It was Arthur Narone’s turn to weep now, in bitter-sweet joy at Julia’s exquisite humanity.
They held each other tight and slept fully clothed on the sofa that night.
After waking stiff and unrefreshed on a dull Sunday morning, they decided to stay inside and take things very easy for the rest of the day. And there was still a lot more that Julia wanted to know.
‘You said you were a car mechanic for a while, Arthur. Did you come to work at Pureza’s shop straight after that?’
So over the next couple of hours, with Julia’s continued gentle persuasion, Arthur steadily told her about the rest of his life. About Emilie, and the robbery, and the money, and his capture. A little about his life in prison. And almost everything that had happened since his release, including the secret of the stolen cash he had finally recovered and stored in a safe new hiding place.
The only thing of significance that he failed to mention was that the cash was now languishing at the bottom of his bedroom wardrobe.
‘So I guess that’s that, as far as you and I are concerned, Julia ...’
‘Were you going to tell me eventually?’
‘I expect so. It has only been ten days, hasn’t it? And it’s not exactly something you blurt out on your first date, is it?’
‘No, it isn’t. And you must have been agonising over it since the day we met ...’
‘On and off. Mostly on.’
‘So, I accept it. It’s you, isn’t it? ... and I love you, Arthur. I just hope it will all be sorted out very soon.’
‘That’s amazing, Julia. Thank you. It will be good to have someone to share things with at last. But you’ll need to let me play it my way ... and I really can’t say how quickly it will be over. OK?’
‘OK. And maybe I’ll start looking for ways to spend even more time with you. ’Cos this weekend didn’t go quite the way I had hoped ...’
* * *
Nine o’clock on the fifth of June had come along very fast.
‘Hello, Arthur. So, has your little “something” turned up yet?’
‘No, Simon. But it still might. On the other hand, of course, we may just have to wait for Luc and your mastermind to reveal themselves — either intentionally or through sheer carelessness. Time is running out, as I’m sure I don’t need to remind you.’
‘Have you been reading books on military strategy now?’
‘No. Just more good works of fiction. Life’s a pack of lies, after all.’
‘Who said that?’
‘I did. Surely you recognise my voice after all this time? And anyway this phone box isn’t big enough for ...’
‘What’s making you so bloody cheerful today?’
‘I think I’m in love, Simon! So, I’ll call you again on the twenty-sixth. Unless, of course, something ...’
‘Don’t say it, Arthur. Just don’t say it.’
A different something was bugging Arthur as he wandered back to his latest new home. But he could not put a finger on it for several minutes. And then it came to him. It was what he had jokingly just said to Hardy: ‘Surely you recognise my voice after all this time?’ But why was that particular question nagging at him? Why??
He had not come up with an answer by the time he unlocked his front door and went back to bed.
* * *
For the next two weeks, Arthur continued to work part-time in the shop, and meet Julia outside school for lunch, and disappear off with her in the late afternoon, and spend long happy evenings with her in his new apartment. He had quickly spotted the existence of this newly established pattern, of course, but this time he was delighted about it. And the young lady was still doing no revision for her imminent exams, but he had long ago stopped thinking about that.
On the evening of Friday the sixteenth of June, Julia told him she had something very important to do the following morning — and that it was a secret for now. But when they met up in an Old City bar for lunch the next day, she spilled the beans.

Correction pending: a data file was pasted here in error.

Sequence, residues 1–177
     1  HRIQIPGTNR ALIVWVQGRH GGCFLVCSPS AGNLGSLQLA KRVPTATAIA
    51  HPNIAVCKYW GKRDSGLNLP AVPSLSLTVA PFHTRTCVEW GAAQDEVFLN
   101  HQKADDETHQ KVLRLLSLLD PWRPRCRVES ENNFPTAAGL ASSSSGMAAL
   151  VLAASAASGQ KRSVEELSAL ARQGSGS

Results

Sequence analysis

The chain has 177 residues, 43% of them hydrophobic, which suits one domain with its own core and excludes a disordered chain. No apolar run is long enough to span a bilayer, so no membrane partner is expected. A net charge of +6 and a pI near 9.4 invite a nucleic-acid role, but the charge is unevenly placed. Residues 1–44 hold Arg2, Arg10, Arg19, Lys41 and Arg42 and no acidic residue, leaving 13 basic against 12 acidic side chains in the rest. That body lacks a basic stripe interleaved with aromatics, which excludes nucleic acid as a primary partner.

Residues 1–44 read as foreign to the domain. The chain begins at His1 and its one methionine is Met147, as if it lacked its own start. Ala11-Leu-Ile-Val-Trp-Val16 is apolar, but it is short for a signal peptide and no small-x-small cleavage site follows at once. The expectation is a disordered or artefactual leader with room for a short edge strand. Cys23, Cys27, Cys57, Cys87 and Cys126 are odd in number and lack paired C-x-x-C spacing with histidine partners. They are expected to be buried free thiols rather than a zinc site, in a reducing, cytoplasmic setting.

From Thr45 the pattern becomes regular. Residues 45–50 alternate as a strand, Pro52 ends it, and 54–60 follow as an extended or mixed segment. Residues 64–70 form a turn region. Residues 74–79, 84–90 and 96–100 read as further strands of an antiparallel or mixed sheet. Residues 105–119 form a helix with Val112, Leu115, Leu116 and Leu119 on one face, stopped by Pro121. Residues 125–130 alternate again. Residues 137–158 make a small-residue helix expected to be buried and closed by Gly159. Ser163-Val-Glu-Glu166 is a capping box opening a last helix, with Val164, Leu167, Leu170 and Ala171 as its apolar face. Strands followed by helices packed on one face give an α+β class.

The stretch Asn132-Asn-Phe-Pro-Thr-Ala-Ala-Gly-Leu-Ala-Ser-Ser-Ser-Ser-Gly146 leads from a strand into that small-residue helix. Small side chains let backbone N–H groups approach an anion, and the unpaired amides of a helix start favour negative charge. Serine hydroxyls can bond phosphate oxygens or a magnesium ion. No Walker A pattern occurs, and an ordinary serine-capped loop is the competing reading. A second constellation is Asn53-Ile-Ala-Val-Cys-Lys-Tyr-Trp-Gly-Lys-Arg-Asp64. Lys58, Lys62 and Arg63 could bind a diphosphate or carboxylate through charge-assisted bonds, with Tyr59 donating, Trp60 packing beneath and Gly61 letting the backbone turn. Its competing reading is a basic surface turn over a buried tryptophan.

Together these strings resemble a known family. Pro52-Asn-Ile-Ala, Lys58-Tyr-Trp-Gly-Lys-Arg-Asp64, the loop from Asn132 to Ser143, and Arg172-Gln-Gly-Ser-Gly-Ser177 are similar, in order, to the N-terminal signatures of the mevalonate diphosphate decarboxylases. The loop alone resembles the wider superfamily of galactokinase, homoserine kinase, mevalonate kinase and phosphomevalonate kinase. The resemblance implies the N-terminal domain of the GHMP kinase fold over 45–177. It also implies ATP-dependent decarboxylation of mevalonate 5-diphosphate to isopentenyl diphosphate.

‘I’ve made a big decision, Arthur.’
‘You’re going to buy green socks rather than blue ones next?’
‘No, stupid. I’m leaving home. And I told Muriel I would be meeting a man from the motor trade. But she didn’t get it at first!’
‘Neither do I.’
‘Then you need to listen to The Beatles’ latest album. It was only released this month, but it’s all over Radio Luxembourg already, and it’s the greatest pop music there ever has been! We’ve just bought our own copy. I’ll bring it with me when I move in tomorrow.’
‘You’ll need to bring your record player too.’
‘Yes. Muriel’s not very happy about that. But I’ll buy us one of our own soon.’
‘Using what for money, exactly?’
‘That’s what I’ve been busy sorting out this morning! I’ve just got myself a little daytime job as a waitress ...’
‘Starting once the school year has finished?’
‘No. I’m dropping out right now, and I start work on Monday.’
‘You know, I’m really not sure if that will the best thing for you in the long term, Julia ...’
‘I don’t care about the long term, Arthur. Life’s too short, and this is the Summer of Love, in case you hadn’t noticed. I only want to be with you.’
‘But I’ll be busy at the bookshop a lot of the time. And waitresses’ hours are often quite long, aren’t they?’
‘Well, yes. And it’s actually a six-day-week job. But I don’t care about that either. Each afternoon once my shift is over, and every Sunday, we’ll both be completely free to do as we please. To catch up on what we missed in May!!’
‘OK, I give in! And I truly am delighted you want to come and live with me! But there is just one other little thing ...’
‘The stolen money is actually in my new apartment now.’
‘What? You told me it was hidden somewhere really safe!’
‘And so it is! Nobody knows I’m living there.’
‘Until someone discovers you are ...’
‘True. But no-one ever raided Pureza’s shop, and everybody knew I was living there for months on end. So why should they suddenly decide to look for the money in my new place? No, I reckon it’s just as safe as it could be right now. Nobody would ever believe I could be so stupid as to keep it there!’
‘You sound like some of the poker-playing kids at school ...’
‘Precisely, Julia. But now you’re going to have to decide whether you can handle this particular ménage-à-trois ...’
‘Oh, I can handle it, Clyde.’
‘What does that mean?’
‘You need to do some other sorts of reading, chéri. Particularly on twentieth century American criminal history, and on Hollywood movies planned for release in the coming weeks. But just don’t start calling me “Bonnie” in public, right?’
‘I’ll get back to you when I’ve worked all that out, Julia.’
‘OK. You go straight off to the reference library, and I’ll go home and start packing. My taxi will arrive at ten in the morning, and I shall expect the answer at once! Well, maybe not quite at once ...’
To be continued ...
Copyright © 2012 by Michael E. Lloyd